In an undistinguished commercial district of Amman, off one of the narrow streets that winds between the Jordanian capital’s towering hills, I reach for the spittoon. But it’s too late. The Sauvignon Gris – light, fresh, delicious – has already transported me far away to English Cotswold villages, somehow evoking the ancient crumble of sunlit golden limestone walls on my tongue. I know I should spit. But it’s too good.
“Limestone,” I mutter. “Cotswold limestone.”
In the armchair opposite, Omar Zumot, Jordanian entrepreneur and winemaker, frowns and takes another sip, sucking in air and slooshing the butter-coloured wine around his mouth. Then he beams.
“Amazing. I remember we planted these over in the corner, where the basalt yields to limestone. You’re right. Amazing.”
Wine-tasting, as Zumot says, is poetry. As his country’s premier winemaker, he is on a self-declared mission to put Jordanian wine on the map – but it is often a struggle. Fifteen years after single-handedly creating Jordan’s first commercial vineyards, and with a respectable range of high-quality wines to his name, Zumot still faces a wall of ignorance – and even mockery – from the wine establishment.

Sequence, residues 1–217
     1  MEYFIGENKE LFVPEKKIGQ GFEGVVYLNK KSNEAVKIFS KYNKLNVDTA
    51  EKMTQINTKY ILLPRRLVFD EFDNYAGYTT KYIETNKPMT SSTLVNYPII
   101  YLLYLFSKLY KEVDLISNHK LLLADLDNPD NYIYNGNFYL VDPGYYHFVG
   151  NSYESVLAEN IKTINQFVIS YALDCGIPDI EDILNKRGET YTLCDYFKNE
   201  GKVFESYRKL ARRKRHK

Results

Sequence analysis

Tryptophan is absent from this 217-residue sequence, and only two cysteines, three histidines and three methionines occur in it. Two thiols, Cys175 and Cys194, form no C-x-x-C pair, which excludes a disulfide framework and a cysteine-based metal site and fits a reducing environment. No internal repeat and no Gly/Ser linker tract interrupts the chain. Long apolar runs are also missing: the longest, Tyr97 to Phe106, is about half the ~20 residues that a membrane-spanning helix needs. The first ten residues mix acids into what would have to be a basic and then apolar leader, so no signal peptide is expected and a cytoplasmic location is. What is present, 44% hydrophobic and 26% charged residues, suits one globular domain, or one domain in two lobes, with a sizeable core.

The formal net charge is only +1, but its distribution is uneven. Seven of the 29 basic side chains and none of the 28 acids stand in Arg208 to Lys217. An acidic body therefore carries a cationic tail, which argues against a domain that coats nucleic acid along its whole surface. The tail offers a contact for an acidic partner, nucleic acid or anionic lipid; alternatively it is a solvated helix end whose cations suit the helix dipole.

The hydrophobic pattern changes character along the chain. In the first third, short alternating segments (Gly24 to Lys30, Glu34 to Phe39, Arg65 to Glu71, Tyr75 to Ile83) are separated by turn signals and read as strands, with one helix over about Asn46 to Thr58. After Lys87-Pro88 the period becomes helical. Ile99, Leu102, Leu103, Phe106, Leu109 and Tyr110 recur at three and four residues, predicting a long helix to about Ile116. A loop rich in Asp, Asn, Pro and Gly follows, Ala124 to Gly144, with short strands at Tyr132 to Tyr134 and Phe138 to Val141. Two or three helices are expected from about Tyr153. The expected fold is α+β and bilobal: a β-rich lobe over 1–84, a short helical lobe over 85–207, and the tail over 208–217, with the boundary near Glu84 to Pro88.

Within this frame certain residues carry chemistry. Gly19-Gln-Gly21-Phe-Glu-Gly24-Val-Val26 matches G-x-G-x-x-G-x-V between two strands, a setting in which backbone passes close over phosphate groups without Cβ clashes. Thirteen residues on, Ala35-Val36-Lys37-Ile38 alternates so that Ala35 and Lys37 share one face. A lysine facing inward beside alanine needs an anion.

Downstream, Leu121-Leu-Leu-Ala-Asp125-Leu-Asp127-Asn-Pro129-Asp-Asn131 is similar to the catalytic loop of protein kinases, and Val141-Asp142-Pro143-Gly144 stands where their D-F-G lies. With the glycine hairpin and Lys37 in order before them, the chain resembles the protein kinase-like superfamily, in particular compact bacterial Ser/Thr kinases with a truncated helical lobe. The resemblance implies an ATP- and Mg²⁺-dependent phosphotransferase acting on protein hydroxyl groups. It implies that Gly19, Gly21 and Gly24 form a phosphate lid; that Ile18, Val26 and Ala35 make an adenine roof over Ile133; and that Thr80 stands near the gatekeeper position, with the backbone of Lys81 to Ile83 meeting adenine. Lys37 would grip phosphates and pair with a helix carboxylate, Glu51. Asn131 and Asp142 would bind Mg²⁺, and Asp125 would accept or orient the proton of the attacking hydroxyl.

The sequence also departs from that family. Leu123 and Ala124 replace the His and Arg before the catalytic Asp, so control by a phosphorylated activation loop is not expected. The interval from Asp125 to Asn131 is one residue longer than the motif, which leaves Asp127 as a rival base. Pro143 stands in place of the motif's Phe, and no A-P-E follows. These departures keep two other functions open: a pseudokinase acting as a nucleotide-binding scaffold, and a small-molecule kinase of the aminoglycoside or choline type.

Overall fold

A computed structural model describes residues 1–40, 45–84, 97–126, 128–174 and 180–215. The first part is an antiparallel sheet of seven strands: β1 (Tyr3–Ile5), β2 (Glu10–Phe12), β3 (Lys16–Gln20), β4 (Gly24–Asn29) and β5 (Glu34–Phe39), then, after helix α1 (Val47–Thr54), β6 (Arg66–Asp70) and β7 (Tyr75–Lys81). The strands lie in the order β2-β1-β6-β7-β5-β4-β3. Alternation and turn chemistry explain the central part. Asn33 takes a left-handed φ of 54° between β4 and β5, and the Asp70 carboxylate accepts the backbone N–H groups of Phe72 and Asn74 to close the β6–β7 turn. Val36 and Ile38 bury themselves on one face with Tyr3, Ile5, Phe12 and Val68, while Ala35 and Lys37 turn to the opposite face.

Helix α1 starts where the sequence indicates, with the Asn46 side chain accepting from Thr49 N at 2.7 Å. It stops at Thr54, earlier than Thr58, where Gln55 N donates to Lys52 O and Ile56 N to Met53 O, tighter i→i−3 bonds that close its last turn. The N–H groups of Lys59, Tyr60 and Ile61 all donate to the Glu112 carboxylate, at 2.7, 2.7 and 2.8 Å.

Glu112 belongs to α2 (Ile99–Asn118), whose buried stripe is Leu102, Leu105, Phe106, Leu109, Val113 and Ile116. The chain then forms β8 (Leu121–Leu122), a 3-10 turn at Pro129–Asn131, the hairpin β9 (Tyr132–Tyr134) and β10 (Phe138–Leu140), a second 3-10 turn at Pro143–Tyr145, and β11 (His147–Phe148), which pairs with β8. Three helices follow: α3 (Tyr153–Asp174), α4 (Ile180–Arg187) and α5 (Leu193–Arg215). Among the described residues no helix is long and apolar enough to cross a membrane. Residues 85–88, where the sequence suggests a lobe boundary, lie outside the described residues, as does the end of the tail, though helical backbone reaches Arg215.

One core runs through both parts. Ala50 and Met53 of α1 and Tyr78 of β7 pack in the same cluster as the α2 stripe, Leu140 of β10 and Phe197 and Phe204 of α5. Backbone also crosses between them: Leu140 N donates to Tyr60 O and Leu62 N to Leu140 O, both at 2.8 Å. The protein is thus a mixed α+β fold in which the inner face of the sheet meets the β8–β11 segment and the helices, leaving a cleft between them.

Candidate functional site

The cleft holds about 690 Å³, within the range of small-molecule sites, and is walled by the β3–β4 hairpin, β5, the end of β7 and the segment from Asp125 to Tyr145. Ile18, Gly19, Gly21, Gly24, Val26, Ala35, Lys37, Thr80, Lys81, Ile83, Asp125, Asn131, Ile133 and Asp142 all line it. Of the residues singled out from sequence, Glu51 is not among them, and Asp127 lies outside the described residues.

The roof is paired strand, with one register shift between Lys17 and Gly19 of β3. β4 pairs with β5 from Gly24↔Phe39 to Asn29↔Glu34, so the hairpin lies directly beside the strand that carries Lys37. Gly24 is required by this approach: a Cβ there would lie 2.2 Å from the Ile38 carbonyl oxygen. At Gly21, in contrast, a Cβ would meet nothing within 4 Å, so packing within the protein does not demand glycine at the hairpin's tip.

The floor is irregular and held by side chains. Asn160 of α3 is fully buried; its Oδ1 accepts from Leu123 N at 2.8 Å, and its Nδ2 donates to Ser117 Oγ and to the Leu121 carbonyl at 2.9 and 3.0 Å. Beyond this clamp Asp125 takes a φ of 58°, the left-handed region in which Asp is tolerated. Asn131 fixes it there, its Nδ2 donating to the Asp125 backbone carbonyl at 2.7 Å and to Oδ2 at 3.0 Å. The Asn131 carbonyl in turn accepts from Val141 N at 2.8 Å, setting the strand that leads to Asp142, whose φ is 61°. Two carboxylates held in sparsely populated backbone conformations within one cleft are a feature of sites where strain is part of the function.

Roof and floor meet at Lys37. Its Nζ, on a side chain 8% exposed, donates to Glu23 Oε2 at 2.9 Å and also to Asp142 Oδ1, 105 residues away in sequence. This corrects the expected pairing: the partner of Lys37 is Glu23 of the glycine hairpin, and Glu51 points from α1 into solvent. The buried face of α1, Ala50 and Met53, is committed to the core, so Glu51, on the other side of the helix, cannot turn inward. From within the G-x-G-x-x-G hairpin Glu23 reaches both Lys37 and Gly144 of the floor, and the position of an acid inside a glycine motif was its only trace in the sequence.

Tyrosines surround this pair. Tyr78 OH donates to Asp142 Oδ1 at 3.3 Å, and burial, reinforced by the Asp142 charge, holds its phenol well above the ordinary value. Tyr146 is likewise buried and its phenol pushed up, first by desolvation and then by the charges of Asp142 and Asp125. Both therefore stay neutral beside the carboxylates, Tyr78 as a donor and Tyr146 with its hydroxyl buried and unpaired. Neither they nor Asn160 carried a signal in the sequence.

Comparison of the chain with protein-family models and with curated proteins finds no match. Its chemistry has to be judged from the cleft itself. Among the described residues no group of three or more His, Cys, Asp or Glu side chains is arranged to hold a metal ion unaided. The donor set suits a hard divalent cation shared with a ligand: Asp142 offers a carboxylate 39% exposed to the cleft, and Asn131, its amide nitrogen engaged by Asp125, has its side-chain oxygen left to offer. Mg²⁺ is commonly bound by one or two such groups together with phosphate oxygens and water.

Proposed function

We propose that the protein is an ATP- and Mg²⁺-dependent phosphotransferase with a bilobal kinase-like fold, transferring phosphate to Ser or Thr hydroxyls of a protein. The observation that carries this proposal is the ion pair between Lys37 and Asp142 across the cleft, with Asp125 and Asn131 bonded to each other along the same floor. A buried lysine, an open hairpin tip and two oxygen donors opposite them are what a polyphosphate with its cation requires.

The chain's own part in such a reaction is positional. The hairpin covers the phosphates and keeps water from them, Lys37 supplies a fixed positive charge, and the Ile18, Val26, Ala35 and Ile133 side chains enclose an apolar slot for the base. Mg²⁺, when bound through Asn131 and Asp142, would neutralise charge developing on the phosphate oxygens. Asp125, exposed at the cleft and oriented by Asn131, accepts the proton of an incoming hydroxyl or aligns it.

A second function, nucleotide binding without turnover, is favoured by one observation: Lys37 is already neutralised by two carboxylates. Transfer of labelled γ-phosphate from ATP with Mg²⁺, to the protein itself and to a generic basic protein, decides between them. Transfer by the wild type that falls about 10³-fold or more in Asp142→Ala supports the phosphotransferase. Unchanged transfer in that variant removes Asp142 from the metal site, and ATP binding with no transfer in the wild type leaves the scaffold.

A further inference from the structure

A 2007 story by the news agency AFP epitomises the stance, discussing Arab wine in terms of “Chateau Migraine”. Omar Zumot isn’t laughing. “This is my greatest concern,” he says, “the reputation of Jordanian wine.”
Jordan is one of a handful of Middle Eastern wine producers claiming Biblical origins for their wine industries. After a gap of more than a millennium, production restarted in the 19th century in Lebanon and Palestine, both influenced by French expertise. With consumption of alcohol forbidden to Muslims, their separate industries were developed in Lebanon by Christians, and in Palestine (and, later, Israel) by Jews. Both countries now dominate the region’s winemaking, Lebanon producing around 150,000 hectolitres annually and Israel almost 60,000.